08 October, 2019
04 October, 2020
6 Keye Van Der Vuurst De Vries (OSTE)
David Hein's Champions League Home Grown
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Oostende the best option for history-making Van Der Vuurst De Vries

OOSTENDE (Belgium) - Making history is nothing new for Keye Van Der Vuurst De Vries as the point guard has already etched his name in the record books of Netherlands basketball. Filou Oostende hope their young playmaker can help them write a new chapter in their Basketball Champions League history.

The Belgian club have reached the Christmas-New Year's break with a 4-5 record in Group A including knocking off UNET Holon on gameday 9 to pick up their first road victory of the season. That has Oostende in a three-way tie at 4-5 in the group for what looks like a three-team race with SIG Strasbourg and Lietkabelis for the fourth and final spot in the Playoffs.

Oostende have almost a tortured history in the BCL. In the inaugural season in 2016-17, the club was fifth in the Group Phase and transferred to the FIBA Europe Cup. A season later they finished sixth but in a three-way tie at 6-8 - the top team in the tiebreaker getting a Playoffs spot. In 2018-19, Oostende lost on the final gameday of the Regular Season in overtime and finished at 7-7 - just behind three teams at 8-6, two of which reached the post-season.

"It's really important (to reach the playoffs). I think we have a big chance this year with a good start. So I think it's possible and of course it would be amazing if we could reach that," said Van Der Vuurst, who is spending his first full season with Oostende's pro team. The 6ft 3in (1.91m) playmaker won't turn 18 years old until December 29 and he already has taken a major role in head coach Dario Gjergja's team.

"I think we have a team with a lot of talent, a team which wants to work for each other and give everything every single day," said Van Der Vuurst, who is averaging 8.4 points, 2.3 rebounds, 4.0 assists and 0.6 steals in 20.5 minutes per game. "It's amazing to play against a lot of good players with more experience and to compete to them."

But naturally playing in a league the level of the BCL is a challenge for a player as young as Van Der Vuurst.

"My biggest challenge is being consistent. I have learned a lot of things this season, but the most important I think is to run my team and do the best for them," the youngster said.

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Filou oostende🏀

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A big help for Van Der Vuurst has been Dusan Djordjevic, the 36-year-old point guard who has been with Oostende since 2011 and won eight straight Belgian league titles.

"He's amazing. He has a lot of experience so to practice against him every day is the best thing I can have right now. He helps me with everything. The biggest thing I have learned from him is to run the team and make the right play at the right time," said Van Der Vuurst, who was 10 years old when Djordjevic helped Oostende to their first league crown since 2007.

Basketball family

Van Der Vuurst actually can talk to his family as well if he needs help in the game. His father Cobbe played in the Dutch Premier League for Voorburg and coached for many years as well. And his brother Boyd Van Der Vuurst plays for Netherlands top flight side Den Helder Suns - in addition to having played for Netherlands in the youth national team ranks.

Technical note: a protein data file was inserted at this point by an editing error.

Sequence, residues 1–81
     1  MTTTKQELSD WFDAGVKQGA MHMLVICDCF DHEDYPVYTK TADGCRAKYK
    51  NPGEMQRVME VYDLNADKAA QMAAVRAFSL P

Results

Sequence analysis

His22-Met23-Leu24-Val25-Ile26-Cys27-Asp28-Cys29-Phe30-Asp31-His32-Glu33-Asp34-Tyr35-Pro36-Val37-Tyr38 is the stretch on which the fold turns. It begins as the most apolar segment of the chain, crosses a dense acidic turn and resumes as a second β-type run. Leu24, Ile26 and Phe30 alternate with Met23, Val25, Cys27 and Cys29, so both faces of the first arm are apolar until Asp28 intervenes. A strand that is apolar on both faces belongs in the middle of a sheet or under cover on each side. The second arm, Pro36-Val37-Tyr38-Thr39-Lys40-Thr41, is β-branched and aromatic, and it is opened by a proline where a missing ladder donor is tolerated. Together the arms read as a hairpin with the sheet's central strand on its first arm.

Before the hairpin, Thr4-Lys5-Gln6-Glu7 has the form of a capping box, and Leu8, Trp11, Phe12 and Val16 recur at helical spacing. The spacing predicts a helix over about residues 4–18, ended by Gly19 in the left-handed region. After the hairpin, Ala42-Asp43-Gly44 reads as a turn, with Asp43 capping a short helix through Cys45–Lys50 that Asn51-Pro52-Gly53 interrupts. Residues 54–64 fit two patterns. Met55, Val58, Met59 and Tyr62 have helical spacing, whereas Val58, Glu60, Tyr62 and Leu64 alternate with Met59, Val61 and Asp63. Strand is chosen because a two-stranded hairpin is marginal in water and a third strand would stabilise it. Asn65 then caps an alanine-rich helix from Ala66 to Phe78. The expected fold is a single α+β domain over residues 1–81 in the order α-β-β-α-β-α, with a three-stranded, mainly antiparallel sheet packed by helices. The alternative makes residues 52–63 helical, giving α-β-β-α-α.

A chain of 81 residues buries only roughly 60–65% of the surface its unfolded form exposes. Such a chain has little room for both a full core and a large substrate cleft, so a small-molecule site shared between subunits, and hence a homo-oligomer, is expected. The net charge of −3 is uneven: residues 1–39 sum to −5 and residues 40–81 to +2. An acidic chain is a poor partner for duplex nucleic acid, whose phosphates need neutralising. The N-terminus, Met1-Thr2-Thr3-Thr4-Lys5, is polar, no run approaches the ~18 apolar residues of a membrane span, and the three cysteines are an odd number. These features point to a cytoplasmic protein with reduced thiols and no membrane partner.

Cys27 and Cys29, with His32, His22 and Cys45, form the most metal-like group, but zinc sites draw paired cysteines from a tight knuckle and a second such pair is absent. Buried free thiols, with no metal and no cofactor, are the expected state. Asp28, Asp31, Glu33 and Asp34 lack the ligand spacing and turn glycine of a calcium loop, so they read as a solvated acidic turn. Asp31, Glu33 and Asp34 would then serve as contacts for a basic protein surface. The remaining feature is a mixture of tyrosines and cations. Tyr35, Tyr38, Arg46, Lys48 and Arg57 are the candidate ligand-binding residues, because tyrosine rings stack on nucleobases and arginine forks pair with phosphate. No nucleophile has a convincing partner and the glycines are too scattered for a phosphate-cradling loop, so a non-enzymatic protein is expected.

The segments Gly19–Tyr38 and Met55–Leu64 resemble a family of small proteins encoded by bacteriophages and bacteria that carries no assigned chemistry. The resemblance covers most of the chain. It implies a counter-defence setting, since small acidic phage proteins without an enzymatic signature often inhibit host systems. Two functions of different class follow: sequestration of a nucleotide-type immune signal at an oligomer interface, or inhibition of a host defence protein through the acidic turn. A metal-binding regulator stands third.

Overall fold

"It was not always easy because (his father) was hard on me. But of course it's nice to have a father who lives for the game and tries to help you," said Keye, who played his first basketball game when he was 5 years old.

Boyd is two years old and Keye loved trying to beat him growing up.

"It was special because he was my big brother, the one whom I looked up to and tried to beat him every single day one-on-one. That was really hard, but I tried every day," Keye said.

Keye Van Der Vuurst patterns his game after Argentina star Facundo Campazzo

Van Der Vuurst looked up his older brother growing up but when it came to a role model in the professional ranks, he looked to an Argentinean bulldog point guard known for his magic - Facundo Campazzo.

"He is an amazing point guard who makes the right play at the right moment and does everything that the team needs. I really like to watch him play," Van Der Vuurst said.

Youngest to debut for Netherlands

Keye Van Der Vuurst De Vries - here playing against Lithuania

Van Der Vuurst may face Campazzo one day at the club level but he would love to go head-to-head at the national team level as well. And the Oostende playmaker is doing his part in helping take his country to the next level.

Van Der Vuurst will never forget November 2018 - when he made history for Netherlands. On November 18, he received an email from the Netherlands basketball federation that his name was included in the player pool for the fifth window of the FIBA Basketball World Cup 2019 European Qualifiers.

"That was one of the best things of 2018. It was a dream for me to be on the senior national team and I'm still proud of that," he said.

And then on November 29, Van Der Vuurst played 3 minutes against Poland and scored 2 points in 's-Hertogenbosch. 


"It was one of the best days of my life. My family and friends were there and then to make my debut in my country was amazing," said Van Der Vuurst, who was still a month shy of his 17th birthday, making him the youngest player to ever debut for the Netherlands besting Ger Kok who was 17 years and 1 month in 1961. "Of course that was something extra. But for me, it was already special to make my debut. Still it feels special to write history for my country."